Google+ Badge

Sunday, May 5, 2013

Family Golf is Not USGA-Approved

With a huge wet blob of steady rain settled over the Carolinas, I'm reminded of one of my all-time favorite rounds of golf in the rain.  Although rainy golf rounds can rarely be described as fun, this particular round holds a special place in my memory, more for the people involved than for the shots executed or the scores posted.  

We were spending Thanksgiving in Novato, California with my son, Wes, his wife, Jane, and Jane's father Russ who, newly widowed and just discharged from his open-heart surgery rehab, was looking forward to his first golf round.  Wes and Jane's home course, Indian Valley, has a Thanksgiving Day tournament that's not to be missed.  It begins with a magnificent, near-lethal combination of triglycerides, sugar, and alcohol (optional) breakfast buffet designed to fortify the competing teams against all the environmental vagaries of rainy season golf in high holiday tradition.  Breakfast is not to be missed.

And so, properly nourished, our first round of Family Golf began, with two physically fit 40-somethings slogging along fairways slightly squishy from the steady drizzle, outfitted in California-trendy rain suits and contrasting color -- red and grey -- Seattle sombreros, and 3 seniors in carts: the non-golfing diabetic score keeper heavily wrapped in sweater, rain jacket, muffler and cap, the slightly overweight, hypertensive mom of the son -- that would be me -- and the recently re-plumbed father of the daughter -- that would be Russ -- both inadequately outfitted but gamely facing four hours of probable athletic humiliation.  The parents were playing as a team against the kids.  After the first hole, when Wes and Jane walked off the green with pars and Russ and I had a combined gross score of 12 on a par 4, we knew we had to find a way to level the playing field.  Our handicaps just weren't going to be enough.  Family Golf Rules began to evolve.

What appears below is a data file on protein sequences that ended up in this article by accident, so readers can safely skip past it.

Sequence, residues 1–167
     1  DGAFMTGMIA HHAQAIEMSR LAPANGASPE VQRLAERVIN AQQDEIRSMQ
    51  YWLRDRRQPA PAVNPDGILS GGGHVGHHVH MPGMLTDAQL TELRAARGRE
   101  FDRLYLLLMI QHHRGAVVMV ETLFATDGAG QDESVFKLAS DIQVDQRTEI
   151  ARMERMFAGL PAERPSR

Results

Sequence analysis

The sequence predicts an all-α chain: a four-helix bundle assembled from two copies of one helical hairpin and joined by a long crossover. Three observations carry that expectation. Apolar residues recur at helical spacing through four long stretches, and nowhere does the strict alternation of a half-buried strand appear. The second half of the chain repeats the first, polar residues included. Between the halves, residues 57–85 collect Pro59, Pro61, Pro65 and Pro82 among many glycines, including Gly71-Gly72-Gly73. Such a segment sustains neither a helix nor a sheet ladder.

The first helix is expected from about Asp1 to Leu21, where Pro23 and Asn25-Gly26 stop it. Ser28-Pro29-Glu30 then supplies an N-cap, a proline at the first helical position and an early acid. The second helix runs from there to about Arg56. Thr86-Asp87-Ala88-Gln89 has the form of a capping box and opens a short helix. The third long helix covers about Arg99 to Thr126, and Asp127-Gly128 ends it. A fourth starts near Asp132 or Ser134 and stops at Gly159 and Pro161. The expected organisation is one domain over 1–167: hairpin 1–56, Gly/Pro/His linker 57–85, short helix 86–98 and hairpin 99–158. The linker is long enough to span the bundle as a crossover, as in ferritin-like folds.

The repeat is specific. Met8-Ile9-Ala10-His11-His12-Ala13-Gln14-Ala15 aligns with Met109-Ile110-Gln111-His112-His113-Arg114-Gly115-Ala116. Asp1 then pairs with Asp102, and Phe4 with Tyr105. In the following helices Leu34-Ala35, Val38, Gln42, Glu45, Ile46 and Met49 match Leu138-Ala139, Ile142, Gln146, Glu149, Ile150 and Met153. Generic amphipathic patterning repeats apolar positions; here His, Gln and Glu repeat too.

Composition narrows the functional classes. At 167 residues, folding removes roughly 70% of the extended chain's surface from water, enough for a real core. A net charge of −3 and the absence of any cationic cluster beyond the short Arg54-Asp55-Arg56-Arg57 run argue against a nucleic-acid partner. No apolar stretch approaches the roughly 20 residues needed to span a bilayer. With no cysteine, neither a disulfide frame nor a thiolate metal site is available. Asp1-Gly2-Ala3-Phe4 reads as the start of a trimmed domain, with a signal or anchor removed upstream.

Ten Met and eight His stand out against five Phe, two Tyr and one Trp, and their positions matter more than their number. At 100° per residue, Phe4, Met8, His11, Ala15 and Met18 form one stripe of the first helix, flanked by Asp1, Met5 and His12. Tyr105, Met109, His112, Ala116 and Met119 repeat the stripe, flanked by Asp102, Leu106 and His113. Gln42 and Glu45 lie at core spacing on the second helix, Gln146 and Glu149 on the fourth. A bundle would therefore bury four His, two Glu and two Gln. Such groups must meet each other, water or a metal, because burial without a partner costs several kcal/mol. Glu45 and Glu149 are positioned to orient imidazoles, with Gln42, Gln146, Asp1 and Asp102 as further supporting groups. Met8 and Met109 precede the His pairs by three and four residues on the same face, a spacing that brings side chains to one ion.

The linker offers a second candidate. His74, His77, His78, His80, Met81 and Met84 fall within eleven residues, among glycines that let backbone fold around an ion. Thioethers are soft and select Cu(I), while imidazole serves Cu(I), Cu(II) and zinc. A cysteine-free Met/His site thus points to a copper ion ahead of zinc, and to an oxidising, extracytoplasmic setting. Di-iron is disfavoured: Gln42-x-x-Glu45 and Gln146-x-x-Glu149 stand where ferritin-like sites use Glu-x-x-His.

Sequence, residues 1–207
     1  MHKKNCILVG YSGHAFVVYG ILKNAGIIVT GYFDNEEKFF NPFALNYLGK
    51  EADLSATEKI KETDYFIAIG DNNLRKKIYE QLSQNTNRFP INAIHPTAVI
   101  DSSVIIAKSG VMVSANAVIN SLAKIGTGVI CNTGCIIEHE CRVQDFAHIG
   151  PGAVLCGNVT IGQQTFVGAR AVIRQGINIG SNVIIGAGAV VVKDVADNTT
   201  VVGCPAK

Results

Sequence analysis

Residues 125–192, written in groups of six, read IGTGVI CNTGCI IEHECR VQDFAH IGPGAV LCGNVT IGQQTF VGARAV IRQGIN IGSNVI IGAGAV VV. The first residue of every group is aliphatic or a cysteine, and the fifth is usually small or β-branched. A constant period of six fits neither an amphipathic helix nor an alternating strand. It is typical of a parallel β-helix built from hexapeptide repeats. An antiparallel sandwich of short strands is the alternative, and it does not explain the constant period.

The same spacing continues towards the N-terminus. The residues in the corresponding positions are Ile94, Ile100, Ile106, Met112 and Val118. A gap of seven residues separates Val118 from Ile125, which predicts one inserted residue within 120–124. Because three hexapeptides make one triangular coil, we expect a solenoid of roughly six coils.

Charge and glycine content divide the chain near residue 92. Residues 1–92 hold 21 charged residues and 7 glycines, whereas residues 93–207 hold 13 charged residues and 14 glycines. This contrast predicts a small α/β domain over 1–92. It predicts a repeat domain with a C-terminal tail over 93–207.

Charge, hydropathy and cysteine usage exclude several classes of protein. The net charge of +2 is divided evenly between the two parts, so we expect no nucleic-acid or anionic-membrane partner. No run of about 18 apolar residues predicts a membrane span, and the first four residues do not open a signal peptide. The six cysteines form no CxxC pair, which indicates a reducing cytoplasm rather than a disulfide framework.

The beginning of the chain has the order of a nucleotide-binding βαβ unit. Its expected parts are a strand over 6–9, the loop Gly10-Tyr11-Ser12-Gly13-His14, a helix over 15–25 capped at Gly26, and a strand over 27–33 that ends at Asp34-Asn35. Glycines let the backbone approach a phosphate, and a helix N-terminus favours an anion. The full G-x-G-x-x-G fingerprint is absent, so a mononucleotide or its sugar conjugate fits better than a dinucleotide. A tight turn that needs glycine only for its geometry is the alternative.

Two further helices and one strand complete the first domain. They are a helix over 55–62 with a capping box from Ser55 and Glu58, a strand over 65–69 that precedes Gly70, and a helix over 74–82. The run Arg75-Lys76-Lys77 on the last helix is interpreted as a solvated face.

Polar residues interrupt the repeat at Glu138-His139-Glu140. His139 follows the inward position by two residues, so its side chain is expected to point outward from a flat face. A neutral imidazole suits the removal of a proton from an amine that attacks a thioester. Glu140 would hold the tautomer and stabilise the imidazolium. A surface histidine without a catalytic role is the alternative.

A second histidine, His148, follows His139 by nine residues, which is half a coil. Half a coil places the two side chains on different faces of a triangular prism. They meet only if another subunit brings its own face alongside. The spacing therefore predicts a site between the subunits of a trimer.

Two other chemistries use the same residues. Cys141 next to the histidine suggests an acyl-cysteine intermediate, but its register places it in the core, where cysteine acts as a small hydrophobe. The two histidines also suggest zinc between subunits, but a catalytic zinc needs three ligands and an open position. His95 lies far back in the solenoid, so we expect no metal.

Rule #1: The Use of the Hand Wedge.  (We negotiated this one when Russ was unable to get out of a bunker and, after his fourth attempt, became dangerously flushed and had some difficulty breathing.)  When a golfer over the age of 65 is unable to execute a successful shot from a bunker, the ball may be removed using the hand wedge.  The penalty for the failed shot is removed.  It is permissible for the hand wedge shot to reach the green.

Rule #2: Relief from Uneven Lies in the Rough.  (We negotiated this one when I twisted my once-broken ankel while attempting to extricate my ball from the far side of a deep ditch while standing on a pile of unstable rocks.)  When a golfer over the age of 65 is unable to achieve stable footing, the ball may be placed in a more advantageous environment, no closer to the green, without penalty.  It is permissible to place the ball in the fairway.

These rules did not help us win, but they did keep us upright and able to complete the round in good spirits and without injury.  The kids won the round.  We all went home cold, wet, tired, hungry, and happy, tossed our wet clothes in a pile in the laundry room, propped out sodden club head covers on soda bottles in front of the fireplace, and took hot showers.  While the kids got the Thanksgiving meal organized the old people took naps.

We try to convene Family Golf Tournaments several times a year, and not everyone who participates in them plays golf.  Some ride and walk along, rather like our own congenial gallery, others choose only to putt.  Some take occasional detours, for snacks, to investigate an especially intriguing gecko or stare down a somnambulant alligator.  The Rules of Family Golf are flexible and constantly changing, designed to accommodate special interests and unique preferences.  Not bound by the USGA Rules of Golf, our version of Family Golf is inclusive, informed as much by our love of each other and the sheer pleasure of spending a few uninterrupted hours together as by our love of golf, even though we probably do have our detractors when we're on the course (the guys in the pro shop, the marshall, and sometimes the group behind us, whom we always invite to play on through.)